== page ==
The seven-mirror Giant Magellan Telescope is being built at the Las Campanas Observatory in Chile, on an 8,500-foot peak in the Andes Mountains. It is expected to be operational for initial science observations in 2020.


After spending three months cooling, the GMT’s third mirror was removed from its rotating furnace on Dec. 6, 2013 and unveiled at the University of Arizona Steward Observatory Mirror Lab. It will take another three years for the mirror to be polished to extremely high precision. If the finished mirror were enlarged to cover the continental U.S., the peak-to-valley variance in smoothness would only be a half-inch.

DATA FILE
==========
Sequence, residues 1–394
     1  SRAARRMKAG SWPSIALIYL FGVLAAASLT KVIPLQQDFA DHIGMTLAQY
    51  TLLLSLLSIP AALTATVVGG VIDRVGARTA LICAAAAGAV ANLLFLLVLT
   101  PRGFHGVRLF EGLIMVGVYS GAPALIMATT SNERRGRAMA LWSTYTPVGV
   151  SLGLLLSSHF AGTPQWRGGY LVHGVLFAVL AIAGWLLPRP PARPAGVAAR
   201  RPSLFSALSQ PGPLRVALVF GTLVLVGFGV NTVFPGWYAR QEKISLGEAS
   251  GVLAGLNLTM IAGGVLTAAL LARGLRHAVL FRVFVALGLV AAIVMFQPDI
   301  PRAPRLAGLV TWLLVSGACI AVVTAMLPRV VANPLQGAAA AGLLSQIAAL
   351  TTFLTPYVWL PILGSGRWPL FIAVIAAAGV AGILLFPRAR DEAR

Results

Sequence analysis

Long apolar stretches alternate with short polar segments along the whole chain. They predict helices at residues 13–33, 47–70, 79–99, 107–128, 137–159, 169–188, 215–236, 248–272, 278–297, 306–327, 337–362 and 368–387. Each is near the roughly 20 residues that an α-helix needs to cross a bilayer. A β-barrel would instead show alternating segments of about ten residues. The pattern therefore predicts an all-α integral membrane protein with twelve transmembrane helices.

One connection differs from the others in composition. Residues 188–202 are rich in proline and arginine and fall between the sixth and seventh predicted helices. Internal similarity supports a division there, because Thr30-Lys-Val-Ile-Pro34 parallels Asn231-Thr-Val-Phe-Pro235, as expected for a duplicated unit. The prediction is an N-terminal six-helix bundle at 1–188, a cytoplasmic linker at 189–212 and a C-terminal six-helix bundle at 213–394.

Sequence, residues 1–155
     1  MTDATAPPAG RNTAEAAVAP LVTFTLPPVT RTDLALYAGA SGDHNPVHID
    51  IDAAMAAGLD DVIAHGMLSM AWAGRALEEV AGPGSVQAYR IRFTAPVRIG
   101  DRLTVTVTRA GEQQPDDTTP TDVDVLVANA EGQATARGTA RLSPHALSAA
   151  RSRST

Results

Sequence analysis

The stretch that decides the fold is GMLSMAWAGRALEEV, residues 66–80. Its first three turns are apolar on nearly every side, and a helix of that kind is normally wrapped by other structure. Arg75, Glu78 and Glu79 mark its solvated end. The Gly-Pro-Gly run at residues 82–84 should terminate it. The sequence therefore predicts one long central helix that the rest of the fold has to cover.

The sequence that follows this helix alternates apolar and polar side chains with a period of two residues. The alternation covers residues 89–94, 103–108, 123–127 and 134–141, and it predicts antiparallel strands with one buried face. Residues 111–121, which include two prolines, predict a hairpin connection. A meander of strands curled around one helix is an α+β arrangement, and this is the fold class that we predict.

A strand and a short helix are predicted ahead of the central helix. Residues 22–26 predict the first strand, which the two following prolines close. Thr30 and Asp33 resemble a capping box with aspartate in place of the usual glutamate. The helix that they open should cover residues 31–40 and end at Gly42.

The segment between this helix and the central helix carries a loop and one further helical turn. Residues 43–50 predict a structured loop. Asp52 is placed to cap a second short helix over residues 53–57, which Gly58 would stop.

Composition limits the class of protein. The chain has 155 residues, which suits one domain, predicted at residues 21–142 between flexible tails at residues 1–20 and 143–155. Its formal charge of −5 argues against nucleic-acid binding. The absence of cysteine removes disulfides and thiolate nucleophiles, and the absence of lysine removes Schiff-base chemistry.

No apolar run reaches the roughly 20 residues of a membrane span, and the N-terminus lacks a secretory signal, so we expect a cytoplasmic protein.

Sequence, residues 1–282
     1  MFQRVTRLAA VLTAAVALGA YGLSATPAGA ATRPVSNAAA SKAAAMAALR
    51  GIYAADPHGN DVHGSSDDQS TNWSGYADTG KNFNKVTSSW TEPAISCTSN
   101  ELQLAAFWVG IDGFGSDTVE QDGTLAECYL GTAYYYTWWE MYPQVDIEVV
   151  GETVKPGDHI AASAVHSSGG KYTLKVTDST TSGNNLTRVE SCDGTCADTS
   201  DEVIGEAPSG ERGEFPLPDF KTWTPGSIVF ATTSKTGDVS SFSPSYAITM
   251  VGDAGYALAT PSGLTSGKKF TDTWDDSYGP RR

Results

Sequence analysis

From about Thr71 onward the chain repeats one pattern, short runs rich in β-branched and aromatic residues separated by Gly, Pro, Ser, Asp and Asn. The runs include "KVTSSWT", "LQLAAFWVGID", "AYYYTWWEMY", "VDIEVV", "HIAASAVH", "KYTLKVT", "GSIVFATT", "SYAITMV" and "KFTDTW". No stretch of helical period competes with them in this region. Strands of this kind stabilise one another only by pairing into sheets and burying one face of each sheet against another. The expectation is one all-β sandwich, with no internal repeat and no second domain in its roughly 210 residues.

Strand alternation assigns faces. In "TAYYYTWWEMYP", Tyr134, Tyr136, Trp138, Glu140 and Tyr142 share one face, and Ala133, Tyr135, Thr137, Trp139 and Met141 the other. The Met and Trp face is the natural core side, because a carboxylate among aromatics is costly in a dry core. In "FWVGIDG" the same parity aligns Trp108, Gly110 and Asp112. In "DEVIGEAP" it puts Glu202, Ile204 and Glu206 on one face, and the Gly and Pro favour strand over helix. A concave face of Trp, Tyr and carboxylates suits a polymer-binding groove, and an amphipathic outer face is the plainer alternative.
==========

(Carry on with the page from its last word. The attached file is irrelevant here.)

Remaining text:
The GMT’s seven 8.4 meter mirrors and adaptive optics system will give it ten times the resolution and sensitivity of the Hubble Space Telescope. It will be able to measure the mass of exoplanets and determine the composition of their atmospheres.

If life exists on one of the 1,000 currently known exoplanets, the GMT may be able to see indicators of life like ozone and chlorophyll in the exoplanet’s atmosphere. Such a game-changing discovery could tell us Earth is not the only planet in the Universe with life.